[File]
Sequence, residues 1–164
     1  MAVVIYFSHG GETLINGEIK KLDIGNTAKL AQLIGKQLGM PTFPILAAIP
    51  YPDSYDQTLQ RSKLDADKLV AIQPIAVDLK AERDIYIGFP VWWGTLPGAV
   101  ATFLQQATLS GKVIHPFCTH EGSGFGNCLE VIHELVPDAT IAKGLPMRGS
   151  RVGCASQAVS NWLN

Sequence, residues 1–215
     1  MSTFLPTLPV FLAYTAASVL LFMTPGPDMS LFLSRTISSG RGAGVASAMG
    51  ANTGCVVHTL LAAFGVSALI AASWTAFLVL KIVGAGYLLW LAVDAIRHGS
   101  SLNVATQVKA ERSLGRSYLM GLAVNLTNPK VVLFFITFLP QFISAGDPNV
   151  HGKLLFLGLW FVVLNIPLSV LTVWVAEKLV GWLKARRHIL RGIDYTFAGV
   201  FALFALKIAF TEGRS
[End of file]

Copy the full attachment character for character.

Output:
Sequence, residues 1–164
     1  MAVVIYFSHG GETLINGEIK KLDIGNTAKL AQLIGKQLGM PTFPILAAIP
    51  YPDSYDQTLQ RSKLDADKLV AIQPIAVDLK AERDIYIGFP VWWGTLPGAV
   101  ATFLQQATLS GKVIHPFCTH EGSGFGNCLE VIHELVPDAT IAKGLPMRGS
   151  RVGCASQAVS NWLN

Sequence, residues 1–215
     1  MSTFLPTLPV FLAYTAASVL LFMTPGPDMS LFLSRTISSG RGAGVASAMG
    51  ANTGCVVHTL LAAFGVSALI AASWTAFLVL KIVGAGYLLW LAVDAIRHGS
   101  SLNVATQVKA ERSLGRSYLM GLAVNLTNPK VVLFFITFLP QFISAGDPNV
   151  HGKLLFLGLW FVVLNIPLSV LTVWVAEKLV GWLKARRHIL RGIDYTFAGV
   201  FALFALKIAF TEGRS